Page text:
At this point both men decide its time to take full advantage of their lives, although in different manners. Mac has an overwhelming need to befriend and thank Simon in everyway possible for saving his life. He even goes as far as finding Simon the woman of his dreams. Somewhat ironically Simon and Mac become close friends, much like Gilgamesh and Enkidu had been. After being so close to death Mac embraces life and attempts to mend past mistakes. Gilgamesh on the other hand refuses to accept death and goes on a quest to find a cure to human mortality. He found it and just as quickly he lost it. A reason for this could be perhaps because his search was a selfish one. In the end this great king died like all other mortals, such was his destiny; everlasting life was not his destiny . If all the other men from the films and stories had figured out this simple fact this could be the end of this essay, but no such luck and so we continue.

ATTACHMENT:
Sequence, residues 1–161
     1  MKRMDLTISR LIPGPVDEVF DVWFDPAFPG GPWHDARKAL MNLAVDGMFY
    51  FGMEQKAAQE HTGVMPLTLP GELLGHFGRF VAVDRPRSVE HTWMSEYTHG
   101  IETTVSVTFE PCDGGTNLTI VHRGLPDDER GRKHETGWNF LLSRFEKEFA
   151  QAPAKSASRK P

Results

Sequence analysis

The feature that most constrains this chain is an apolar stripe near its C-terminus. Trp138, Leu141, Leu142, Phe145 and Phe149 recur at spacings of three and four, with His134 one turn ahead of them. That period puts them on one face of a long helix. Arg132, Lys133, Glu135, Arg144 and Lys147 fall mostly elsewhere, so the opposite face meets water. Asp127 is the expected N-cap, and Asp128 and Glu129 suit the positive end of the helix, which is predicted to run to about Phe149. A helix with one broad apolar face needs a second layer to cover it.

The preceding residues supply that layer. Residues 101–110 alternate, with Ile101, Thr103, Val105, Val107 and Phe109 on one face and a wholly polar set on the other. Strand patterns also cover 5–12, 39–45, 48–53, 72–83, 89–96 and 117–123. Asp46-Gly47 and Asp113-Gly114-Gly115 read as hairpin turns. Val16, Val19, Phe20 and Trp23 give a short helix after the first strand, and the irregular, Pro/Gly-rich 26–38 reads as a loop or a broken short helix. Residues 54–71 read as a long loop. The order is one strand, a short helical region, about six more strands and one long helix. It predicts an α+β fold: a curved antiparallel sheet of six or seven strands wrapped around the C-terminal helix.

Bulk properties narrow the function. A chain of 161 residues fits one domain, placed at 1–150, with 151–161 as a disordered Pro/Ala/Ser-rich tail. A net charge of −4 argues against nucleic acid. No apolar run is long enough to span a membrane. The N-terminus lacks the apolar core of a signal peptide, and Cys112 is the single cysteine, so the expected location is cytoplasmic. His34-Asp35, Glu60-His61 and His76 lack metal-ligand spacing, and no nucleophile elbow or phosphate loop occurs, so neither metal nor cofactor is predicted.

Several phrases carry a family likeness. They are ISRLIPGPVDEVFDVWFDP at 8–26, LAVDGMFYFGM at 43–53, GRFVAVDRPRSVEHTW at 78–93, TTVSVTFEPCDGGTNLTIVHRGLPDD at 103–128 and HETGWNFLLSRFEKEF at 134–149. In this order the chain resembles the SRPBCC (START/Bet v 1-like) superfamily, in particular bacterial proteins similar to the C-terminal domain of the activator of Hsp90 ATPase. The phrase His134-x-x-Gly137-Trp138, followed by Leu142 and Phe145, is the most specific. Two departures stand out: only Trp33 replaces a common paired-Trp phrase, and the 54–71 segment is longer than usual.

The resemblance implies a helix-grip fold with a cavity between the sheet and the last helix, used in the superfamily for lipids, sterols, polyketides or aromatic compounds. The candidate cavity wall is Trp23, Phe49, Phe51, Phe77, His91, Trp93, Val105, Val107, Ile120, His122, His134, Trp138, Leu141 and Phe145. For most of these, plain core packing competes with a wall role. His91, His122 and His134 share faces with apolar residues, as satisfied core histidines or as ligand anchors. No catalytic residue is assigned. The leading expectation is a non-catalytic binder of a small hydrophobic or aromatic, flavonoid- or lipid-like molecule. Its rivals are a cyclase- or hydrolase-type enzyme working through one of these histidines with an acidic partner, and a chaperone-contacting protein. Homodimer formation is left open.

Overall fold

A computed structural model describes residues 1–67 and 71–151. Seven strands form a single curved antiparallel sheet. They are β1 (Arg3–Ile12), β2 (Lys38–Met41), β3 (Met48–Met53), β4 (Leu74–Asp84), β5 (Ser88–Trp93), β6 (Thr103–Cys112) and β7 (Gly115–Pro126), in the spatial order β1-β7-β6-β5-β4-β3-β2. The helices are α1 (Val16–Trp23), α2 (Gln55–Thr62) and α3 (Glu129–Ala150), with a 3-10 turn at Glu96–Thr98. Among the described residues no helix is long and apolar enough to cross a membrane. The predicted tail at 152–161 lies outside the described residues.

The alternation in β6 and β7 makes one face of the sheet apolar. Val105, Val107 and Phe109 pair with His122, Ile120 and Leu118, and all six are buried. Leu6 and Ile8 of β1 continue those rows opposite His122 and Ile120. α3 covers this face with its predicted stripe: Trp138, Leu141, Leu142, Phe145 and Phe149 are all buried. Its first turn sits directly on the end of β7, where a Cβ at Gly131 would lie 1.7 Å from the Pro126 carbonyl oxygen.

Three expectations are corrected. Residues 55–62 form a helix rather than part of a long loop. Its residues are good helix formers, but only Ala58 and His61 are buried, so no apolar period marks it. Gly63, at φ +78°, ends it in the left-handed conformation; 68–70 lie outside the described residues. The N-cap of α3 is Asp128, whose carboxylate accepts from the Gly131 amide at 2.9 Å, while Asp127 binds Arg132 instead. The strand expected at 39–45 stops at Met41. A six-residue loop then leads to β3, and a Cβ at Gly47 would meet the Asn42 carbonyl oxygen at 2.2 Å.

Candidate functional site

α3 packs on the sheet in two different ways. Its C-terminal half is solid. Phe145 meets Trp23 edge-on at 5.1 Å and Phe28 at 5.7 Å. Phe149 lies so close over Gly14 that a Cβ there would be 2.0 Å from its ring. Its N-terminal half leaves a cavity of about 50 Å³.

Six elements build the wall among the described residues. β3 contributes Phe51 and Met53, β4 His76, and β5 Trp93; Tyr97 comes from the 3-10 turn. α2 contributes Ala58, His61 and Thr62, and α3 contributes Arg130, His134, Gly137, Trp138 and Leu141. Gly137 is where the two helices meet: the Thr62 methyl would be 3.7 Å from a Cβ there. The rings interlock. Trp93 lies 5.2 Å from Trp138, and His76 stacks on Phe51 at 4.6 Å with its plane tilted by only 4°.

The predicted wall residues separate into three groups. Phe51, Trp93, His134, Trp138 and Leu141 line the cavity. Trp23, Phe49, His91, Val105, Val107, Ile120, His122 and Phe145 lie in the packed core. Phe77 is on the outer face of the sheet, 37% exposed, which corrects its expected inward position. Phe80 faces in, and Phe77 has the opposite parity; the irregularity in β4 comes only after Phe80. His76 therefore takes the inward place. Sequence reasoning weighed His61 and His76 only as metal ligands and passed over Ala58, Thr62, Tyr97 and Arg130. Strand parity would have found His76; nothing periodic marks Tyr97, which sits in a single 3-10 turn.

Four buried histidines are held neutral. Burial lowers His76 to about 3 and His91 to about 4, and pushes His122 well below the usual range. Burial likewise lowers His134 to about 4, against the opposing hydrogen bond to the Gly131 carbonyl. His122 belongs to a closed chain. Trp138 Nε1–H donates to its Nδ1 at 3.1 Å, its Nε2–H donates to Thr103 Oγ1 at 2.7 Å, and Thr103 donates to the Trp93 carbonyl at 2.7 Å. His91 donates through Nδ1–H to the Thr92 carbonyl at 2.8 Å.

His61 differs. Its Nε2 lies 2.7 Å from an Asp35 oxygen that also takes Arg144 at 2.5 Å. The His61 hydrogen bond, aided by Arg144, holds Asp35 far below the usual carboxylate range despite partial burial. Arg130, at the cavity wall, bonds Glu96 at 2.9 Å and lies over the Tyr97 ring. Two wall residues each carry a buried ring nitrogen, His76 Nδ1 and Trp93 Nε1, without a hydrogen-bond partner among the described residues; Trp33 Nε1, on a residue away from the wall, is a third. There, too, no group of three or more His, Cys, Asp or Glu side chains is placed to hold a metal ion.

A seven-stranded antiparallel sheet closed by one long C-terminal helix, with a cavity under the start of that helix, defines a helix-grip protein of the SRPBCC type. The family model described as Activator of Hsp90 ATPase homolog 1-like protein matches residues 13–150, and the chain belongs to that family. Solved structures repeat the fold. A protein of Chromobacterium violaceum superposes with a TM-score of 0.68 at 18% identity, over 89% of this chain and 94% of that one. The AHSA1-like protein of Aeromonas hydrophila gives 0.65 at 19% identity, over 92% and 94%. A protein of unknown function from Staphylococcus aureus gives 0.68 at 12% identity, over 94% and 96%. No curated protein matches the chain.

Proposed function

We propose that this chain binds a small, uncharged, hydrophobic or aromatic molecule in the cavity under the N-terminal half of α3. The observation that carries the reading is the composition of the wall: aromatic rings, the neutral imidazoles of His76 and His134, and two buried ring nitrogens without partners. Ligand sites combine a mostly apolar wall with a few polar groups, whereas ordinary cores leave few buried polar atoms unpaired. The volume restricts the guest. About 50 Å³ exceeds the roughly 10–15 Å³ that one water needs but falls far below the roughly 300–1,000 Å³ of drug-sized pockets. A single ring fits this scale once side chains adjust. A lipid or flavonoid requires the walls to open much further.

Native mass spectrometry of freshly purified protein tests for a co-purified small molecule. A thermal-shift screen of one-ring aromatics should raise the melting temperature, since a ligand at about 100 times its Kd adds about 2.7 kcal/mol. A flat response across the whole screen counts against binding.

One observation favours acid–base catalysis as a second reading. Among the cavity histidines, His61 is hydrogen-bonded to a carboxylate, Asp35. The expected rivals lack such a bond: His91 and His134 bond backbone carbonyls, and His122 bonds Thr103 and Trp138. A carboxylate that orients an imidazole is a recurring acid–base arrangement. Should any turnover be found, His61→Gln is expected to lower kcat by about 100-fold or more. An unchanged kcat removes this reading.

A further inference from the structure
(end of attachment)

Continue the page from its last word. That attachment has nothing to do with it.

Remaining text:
After examining Phil from the film Ground Hog Day and the Buddha quite a few similarities become evident. At some point they both find themselves searching for the meaning of life, imagine that. How they get there is somewhat different though. Both were celebrities in a way. The Buddha was a prince while Phil was a reporter who carried himself as though he was a prince. Buddha was to succeed his father and become king. His father also wished him to live a perfect life free of suffering therefore Buddha was confined to the palace walls where he could lead a pleasurable life and be protected. This living arrangement soon backfired though because everybody knows curiosity killed the cat so to no surprise Buddha wanted to know what the world was like outside the palace gates. What he found when he ventured out in the real world was not what he expected. After three journeys he discovered old age, sickness and death. It was way too much for him to bear. Upon returning to the palace he was unable to enjoy his riches now that he had knowledge of the suffering of the world. So, like all the greats, he set out on a quest for an answer to the problem of mortality.